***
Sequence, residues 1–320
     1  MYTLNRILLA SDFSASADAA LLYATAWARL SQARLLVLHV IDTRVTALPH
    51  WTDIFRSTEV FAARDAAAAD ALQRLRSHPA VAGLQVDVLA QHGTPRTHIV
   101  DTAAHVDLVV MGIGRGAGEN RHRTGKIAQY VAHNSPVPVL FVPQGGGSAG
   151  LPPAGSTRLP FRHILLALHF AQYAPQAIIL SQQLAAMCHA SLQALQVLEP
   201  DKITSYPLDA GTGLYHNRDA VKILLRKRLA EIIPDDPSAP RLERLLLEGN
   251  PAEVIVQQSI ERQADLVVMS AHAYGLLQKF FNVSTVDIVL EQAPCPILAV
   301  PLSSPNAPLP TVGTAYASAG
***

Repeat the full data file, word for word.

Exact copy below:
Sequence, residues 1–320
     1  MYTLNRILLA SDFSASADAA LLYATAWARL SQARLLVLHV IDTRVTALPH
    51  WTDIFRSTEV FAARDAAAAD ALQRLRSHPA VAGLQVDVLA QHGTPRTHIV
   101  DTAAHVDLVV MGIGRGAGEN RHRTGKIAQY VAHNSPVPVL FVPQGGGSAG
   151  LPPAGSTRLP FRHILLALHF AQYAPQAIIL SQQLAAMCHA SLQALQVLEP
   201  DKITSYPLDA GTGLYHNRDA VKILLRKRLA EIIPDDPSAP RLERLLLEGN
   251  PAEVIVQQSI ERQADLVVMS AHAYGLLQKF FNVSTVDIVL EQAPCPILAV
   301  PLSSPNAPLP TVGTAYASAG